Tools for Green Woodwork
Mora knives are our go-to carving blade. They’re affordable, widely available and the perfect knife for carving green wood. So, what makes them so good? The handle is symmetrical, which is essential in allowing you to use a variety of knife ‘grips’, while it’s belly means it won’t slip from your grasp. The blade itself is both long and relatively narrow, making it versatile in carving wide surfaces as well as finer shapes. It’s laminated, made up of high carbon steel sandwiched between more flexible low carbon steel, making the knife strong whilst also holding a sharp edge well. Finally and most crucially they have two perfectly flat bevels that meet at the sharp edge. Riding these bevels along the surface of the wood is what gives you all the fine control in your carving. We like Moras so much we include them in our Beginners Whittling Kit.
Most axes you’ll find come blunt, and these are perfect for splitting open a log. When you want to start rough shaping the wood though you’ll want a sharpened carving axe.
For most of our work we use Bahco axes. Out of the box they have a dull edge and we’ll keep some like this for splitting. The rest we grind ourselves to create a sharp edge perfect, for precision carving. You could sharpen a blunt axe yourself by hand, though it may take a while. We use a machine to grind ours how we like them.
There are many axes on the market that come sharp. You can get by fine with just one sharp carving axe, but if you want to really protect that honed edge we recommend having a separate blunt one for your splitting.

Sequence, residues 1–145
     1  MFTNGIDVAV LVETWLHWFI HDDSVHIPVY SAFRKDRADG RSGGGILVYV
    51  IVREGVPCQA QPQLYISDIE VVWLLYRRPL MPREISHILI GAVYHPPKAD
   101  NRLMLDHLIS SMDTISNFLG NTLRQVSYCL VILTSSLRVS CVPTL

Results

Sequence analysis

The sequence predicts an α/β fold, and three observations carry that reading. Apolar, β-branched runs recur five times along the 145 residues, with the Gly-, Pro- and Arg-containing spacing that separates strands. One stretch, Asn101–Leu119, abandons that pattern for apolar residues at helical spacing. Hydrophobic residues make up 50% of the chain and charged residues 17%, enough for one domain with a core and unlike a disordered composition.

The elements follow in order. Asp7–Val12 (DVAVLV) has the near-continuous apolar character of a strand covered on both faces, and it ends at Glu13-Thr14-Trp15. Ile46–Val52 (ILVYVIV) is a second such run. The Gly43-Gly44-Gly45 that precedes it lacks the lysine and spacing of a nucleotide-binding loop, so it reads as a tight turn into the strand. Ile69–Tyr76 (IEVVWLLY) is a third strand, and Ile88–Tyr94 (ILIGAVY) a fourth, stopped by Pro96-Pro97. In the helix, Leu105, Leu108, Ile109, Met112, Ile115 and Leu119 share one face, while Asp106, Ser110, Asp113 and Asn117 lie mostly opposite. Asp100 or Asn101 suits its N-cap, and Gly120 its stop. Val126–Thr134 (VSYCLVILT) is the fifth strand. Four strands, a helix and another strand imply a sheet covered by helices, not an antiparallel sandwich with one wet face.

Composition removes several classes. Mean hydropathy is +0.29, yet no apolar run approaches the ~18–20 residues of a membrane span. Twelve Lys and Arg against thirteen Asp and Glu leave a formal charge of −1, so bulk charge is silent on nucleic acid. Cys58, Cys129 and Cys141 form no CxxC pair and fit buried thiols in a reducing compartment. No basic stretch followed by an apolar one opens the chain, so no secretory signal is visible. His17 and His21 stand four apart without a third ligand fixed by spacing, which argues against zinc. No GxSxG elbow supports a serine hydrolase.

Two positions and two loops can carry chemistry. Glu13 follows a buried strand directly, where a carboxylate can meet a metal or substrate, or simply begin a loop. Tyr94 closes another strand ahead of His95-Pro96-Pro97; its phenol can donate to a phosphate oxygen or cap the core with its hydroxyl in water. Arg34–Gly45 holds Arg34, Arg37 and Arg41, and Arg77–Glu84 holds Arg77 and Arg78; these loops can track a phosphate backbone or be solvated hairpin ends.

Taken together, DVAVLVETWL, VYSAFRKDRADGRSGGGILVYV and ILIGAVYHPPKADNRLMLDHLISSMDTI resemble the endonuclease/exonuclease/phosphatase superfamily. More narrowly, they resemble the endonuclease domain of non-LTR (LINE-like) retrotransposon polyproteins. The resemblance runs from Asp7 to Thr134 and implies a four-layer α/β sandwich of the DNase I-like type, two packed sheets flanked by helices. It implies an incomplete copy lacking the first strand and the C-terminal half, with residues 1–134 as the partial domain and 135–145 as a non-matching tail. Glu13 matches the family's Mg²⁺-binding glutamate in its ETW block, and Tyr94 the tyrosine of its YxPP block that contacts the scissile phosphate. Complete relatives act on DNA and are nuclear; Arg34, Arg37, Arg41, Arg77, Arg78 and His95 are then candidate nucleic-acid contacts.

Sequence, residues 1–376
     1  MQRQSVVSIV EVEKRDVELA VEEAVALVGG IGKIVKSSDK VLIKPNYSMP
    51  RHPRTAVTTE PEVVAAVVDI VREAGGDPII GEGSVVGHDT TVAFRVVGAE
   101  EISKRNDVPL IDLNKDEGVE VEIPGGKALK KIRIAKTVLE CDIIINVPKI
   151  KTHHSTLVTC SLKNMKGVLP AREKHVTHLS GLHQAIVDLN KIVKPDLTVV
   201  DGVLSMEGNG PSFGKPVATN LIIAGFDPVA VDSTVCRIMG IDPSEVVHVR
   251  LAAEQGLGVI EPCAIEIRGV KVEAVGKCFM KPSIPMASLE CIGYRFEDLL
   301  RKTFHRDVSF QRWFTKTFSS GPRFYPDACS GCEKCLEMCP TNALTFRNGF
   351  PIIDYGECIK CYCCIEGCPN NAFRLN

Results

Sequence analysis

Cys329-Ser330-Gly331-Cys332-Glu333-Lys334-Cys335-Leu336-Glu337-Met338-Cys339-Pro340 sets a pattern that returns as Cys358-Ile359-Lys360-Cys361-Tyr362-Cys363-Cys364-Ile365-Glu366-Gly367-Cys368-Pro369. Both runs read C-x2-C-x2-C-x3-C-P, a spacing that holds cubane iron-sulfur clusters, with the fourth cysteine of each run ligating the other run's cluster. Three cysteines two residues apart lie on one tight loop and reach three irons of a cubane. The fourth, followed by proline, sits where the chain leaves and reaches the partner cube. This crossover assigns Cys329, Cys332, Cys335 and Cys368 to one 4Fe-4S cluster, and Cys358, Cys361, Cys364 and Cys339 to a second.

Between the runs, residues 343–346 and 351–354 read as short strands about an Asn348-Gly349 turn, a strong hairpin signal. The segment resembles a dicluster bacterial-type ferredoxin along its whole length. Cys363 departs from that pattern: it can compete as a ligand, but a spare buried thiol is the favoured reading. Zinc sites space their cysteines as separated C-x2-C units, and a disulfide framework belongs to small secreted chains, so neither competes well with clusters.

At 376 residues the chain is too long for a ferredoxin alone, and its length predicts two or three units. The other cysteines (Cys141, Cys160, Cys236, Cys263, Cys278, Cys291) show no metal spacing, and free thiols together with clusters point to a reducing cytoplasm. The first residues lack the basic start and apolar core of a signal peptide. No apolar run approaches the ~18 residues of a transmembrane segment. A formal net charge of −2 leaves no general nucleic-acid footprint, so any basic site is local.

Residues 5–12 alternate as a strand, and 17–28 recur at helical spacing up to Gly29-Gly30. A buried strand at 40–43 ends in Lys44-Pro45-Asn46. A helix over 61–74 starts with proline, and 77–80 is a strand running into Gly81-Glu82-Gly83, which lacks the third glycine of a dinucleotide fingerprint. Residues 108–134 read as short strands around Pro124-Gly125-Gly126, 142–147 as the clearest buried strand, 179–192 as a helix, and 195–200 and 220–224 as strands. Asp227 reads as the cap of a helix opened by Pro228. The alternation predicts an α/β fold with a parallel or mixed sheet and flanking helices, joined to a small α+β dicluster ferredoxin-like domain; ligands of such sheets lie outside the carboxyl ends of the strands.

If you want to carve with an axe you need some form of axe block! Your block supports the wood and opposes the force of the axe as it strikes, which is vital for safe & effective carving. Axe blocks come in many forms, and can really be any bit of wood with a flat surface that’s not going to fall apart with use.
A knee-high section of trunk is perfect for sitting and carving. But you can get by perfectly well with something smaller, and kneeling down to work. We’ve even used a piece of ply wood laid flat on the ground when caught short! Whatever you use, try to make sure your block is free from grit and dirt as these may blunt your tools.
For top tips on getting hold of logs see our Wood Sourcing Guide
While your straight knife can be used for most carving work, to make spoons you’ll also want a spoon knife. These are bent blades that are used to hollow the bowl of a spoon.
There’s a lot of choice on the market but the general concept for all spoon knives is the same. The crucial difference is in how they’re sharpened, and most importantly knowing how to sharpen them yourself.
Our favourites are made by Nic Westermann. They work extremely well, they come perfectly sharp, and the hollow grind he puts on them makes it very easy to maintain that sharp edge.
View our guide to the Basics of Spoon Knife Sharpening.
Looking after your tools is very important. If you’re knife gets horribly blunt, it’s no longer the same tool! So learning to sharpen and having a simple, decent kit for doing so makes all the difference. As with many things, there’s a daunting amount of choice out there! But if in doubt don’t skimp on quality. A brilliant cost-effective option is wet & dry paper, it’s basically sandpaper for metal and comes in a standardised system of ‘grits’, from coarse to fine.
Basic Tool Kit
If you want to get whittling, all you really need is a knife and a bit of wood. But a few key additions will open up all manner of possibilities. Here’s our run-down of the ultimate beginner’s kit list…
• Straight Knife
• Spoon Knife
• Axe Block
• Sharpening Kit
Forge your own tools at The Green Wood Guild